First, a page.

The Weibo message by Wang Rui, a host at CCTV’s English channel, triggered huge controversy. Last Wednesday, he wrote under his real-name account at Weibo that the public security office should clean out the foreign trash, behead the foreign snakes1), identify foreign spies, expel foreign shrews [or the shrew – the article’s wording leaves this open – JR]2), to shut those who demonized China up and to get them out [of the country]. Following that, an American living in China also posted a message, demanding that CCTV should dismiss Yang Rui. A small number of foreigners, the Wall Street Journal and other Western media supported this demand. (Quoted from Huanqiu Shibao, May 24, 2012.)
A public figure spoke his opinion on public affairs, on a microblog, and was then referred to as “talking a lot of nonsense”, or being “absolutely faceless” [or without qualities] – isn’t it strange that merely for being a CCTV host, he must not express his innermost feelings? A CCTV host, too, is just a mortal. He, too, may express his own views. This has nothing to do with facelessness. This author would rather think that someone who speaks the truth is showing real character. Try to imagine: some years ago, when microblogging didn’t exist, could Yang Rui’s expression of dissatisfaction have triggered so much attention? It is only now that those lines appeared on Weibo that it caught many peoples’ attention, and therefore, netizens “turned a mole hill into a mountain”, blindly expanding the issue’s impact. As Yang’s work unit, CCTV can’t be too harsh, and appropriate freedom of speech must be given. If CCTV “raised hell” every time after being heavily criticized, who among the hosts would still dare to speak the truth?
If this needs to be investigated or not, and he is blamed for acting inappropriately in his capacity [as a CCTV host], that Weibo message could affect CCTV’s image negatively. If we, ordinary people, published such a micropost, it wouldn’t cause such a dispute. This author believes that microposts are individual expression, unrelated to “ethnic discrimination” as stated by foreign media. There is only very few “foreign garbage”, and polite and civilized foreigners should not see this shoe as fitting to them.
Maybe our “expecations” about public personalities are too high, that they should always be able to show us a positive, uplifting face, and report “good” rather than “bad news”. But outside the workplace, they live their own lives, too, and to blindly turn them into opinion leaders and to turn their opinions into mainstream opinion is wrong.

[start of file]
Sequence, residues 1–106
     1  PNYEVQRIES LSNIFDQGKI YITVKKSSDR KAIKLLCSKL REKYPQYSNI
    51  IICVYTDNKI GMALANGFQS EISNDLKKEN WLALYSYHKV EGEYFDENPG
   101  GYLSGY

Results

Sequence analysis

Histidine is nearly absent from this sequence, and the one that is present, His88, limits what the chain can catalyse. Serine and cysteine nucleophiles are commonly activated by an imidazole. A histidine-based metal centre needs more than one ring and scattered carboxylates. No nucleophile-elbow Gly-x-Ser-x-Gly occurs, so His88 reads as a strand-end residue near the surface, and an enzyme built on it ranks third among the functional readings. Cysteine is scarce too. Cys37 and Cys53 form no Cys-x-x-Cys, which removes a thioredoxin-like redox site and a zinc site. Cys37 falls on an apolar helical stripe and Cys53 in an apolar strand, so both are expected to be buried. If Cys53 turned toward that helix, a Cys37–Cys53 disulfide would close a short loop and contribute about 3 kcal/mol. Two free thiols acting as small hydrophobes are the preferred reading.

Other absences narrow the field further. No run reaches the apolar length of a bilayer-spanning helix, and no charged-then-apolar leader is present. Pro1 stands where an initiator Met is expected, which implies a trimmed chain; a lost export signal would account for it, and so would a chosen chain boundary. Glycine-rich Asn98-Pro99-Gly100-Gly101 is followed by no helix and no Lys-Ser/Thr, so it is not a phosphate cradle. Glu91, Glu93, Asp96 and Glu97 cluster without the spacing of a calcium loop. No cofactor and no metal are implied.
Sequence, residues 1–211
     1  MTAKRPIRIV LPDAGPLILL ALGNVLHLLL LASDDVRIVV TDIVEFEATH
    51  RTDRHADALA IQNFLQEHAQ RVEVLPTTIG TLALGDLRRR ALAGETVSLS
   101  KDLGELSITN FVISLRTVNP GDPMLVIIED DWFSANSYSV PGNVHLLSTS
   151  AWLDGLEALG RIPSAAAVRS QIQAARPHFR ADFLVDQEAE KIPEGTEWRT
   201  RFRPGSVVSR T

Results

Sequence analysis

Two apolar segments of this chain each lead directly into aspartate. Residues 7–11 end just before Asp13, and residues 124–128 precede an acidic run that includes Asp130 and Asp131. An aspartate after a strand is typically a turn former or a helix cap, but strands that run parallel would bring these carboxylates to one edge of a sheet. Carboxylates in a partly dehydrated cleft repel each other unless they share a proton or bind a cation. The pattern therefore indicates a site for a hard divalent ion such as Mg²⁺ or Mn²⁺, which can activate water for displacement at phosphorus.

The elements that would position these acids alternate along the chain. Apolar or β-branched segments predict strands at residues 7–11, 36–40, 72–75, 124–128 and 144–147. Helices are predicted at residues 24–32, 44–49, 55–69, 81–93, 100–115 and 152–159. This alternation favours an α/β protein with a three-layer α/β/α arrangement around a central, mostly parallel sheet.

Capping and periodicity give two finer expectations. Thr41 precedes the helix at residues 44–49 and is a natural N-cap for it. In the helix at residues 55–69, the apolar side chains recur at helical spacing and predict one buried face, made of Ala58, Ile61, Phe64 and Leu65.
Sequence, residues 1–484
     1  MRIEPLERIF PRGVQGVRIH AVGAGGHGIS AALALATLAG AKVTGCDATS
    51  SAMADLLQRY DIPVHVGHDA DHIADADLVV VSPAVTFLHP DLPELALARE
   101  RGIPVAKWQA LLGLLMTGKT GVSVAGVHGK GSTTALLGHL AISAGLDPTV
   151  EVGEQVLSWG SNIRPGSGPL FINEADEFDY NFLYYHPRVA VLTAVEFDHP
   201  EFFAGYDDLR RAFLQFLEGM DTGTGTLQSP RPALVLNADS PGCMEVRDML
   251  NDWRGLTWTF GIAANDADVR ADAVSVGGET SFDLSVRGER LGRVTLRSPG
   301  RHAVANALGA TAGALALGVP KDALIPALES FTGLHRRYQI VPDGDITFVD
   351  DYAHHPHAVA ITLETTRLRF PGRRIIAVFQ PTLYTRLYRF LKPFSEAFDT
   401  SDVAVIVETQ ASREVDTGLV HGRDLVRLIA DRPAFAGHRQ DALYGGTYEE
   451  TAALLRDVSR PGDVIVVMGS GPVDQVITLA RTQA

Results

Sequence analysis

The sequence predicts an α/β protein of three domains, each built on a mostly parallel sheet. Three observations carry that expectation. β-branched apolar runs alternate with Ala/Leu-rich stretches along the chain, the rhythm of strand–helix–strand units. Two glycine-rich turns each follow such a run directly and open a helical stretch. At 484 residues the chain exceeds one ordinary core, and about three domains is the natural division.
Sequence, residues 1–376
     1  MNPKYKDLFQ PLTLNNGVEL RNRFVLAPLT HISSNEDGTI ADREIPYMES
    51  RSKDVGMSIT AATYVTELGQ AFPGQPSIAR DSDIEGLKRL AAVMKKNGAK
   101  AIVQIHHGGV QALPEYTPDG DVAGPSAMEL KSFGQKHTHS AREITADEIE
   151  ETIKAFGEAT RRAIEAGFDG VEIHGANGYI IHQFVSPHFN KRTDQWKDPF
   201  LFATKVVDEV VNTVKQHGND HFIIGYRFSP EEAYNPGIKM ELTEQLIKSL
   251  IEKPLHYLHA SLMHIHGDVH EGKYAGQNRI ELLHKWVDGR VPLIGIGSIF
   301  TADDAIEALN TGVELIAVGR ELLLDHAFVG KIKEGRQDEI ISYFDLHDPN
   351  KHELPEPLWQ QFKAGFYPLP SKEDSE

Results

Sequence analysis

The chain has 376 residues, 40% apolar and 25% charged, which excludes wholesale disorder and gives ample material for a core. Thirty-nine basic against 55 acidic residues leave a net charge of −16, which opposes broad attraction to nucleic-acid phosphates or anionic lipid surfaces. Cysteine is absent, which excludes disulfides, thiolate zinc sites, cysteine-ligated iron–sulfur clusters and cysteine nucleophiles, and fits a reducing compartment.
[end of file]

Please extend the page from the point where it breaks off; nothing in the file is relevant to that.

Language, however excited, should not startle compatriots. Yang Rui only referred to “foreign garbage”, not to all foreigners. One has to see the essence of the matter, and not dwell on the appearances. The case of a British man assaulting a Chinese woman in the street in Beijing, and the “resting-feet” passenger who spat dirty language at a passenger in the row in front of him are those who Yang Rui attacked as “foreign garbage”. Yang also clarified his Weibo post in a media statement in that “after seeing those incidents, I called those foreigners ‘foreign garbage’, and I believe that when they violate Chinese law, they should be sanctioned by the law. I want to distinguish between them and the quiet majority in the foreign community who observe and respect the rules of Chinese culture and society. To identify those few garbage [people] helps to protect the reputation of decent Westerners.” His Weibo message of May 15 only had a function in reminding people that no matter if Western or Chinese people, neither were above the law.
Obviously, Yang Rui didn’t mean to attack foreigners. He only hoped that people would respect the law, that no special rights would be given to “foreign garbage”, that people would act as equals, and that immoral foreigners would be punished in accordance with the law. He also affirmed that “the majority of foreigners” were good people who “observe and respect the rules of Chinese culture and society”, and that with the expulsion of bad people, prejudices against all foreigners would be avoided.
[The following paragraph may not be correctly translated – just a try – JR]
China [needs?] more people with Yang Rui’s integrity. If he didn’t say the truth, maybe there would be more radical compatriots, but we just don’t encourage extremists’ methods to wake the common people with vain self-sacrifices. Up to now, the power of speech should be believed in.
On April 11, 2012, well-known CCTV host Zhao Pu was the first to publish the inside gelatin story, and advised people not to eat yoghurt and jelly, which, for the moment, was a great stir. The micropost triggered concern about poisoned capsules and everyone could see that the “gelatin inside story” did exist. He spoke the facts, but with the result that he “disappeared” from the microblog and from television. Many netizens guess that he was “blacklisted”, but he only says that he won’t comment. Hard to believe that the mistake [in his case], too, was that he was a “CCTV host”? Maybe because of [something] somewhere within the “regulations”, words like these shouldn’t have come from his mouth.
The people wants to hear the truth. If Yang Rui becomes a second Zhao Pu, the people may become even more disappointed.
1) “Snakeheads” would be the literal translation, but that is probably not what it meant in this context.
2) The “foreign shrew” (洋泼妇) is said to refer to Melissa Chan, until recently al-Jazeera‘s China correspondent, and 洋泼妇 has frequently been translated as “foreign bitch”. The translated article doesn’t refer to her specifically. What Yang really meant probably depends on his word power.
» Zhao Pu warns…, “Global Times”, April 9, 2012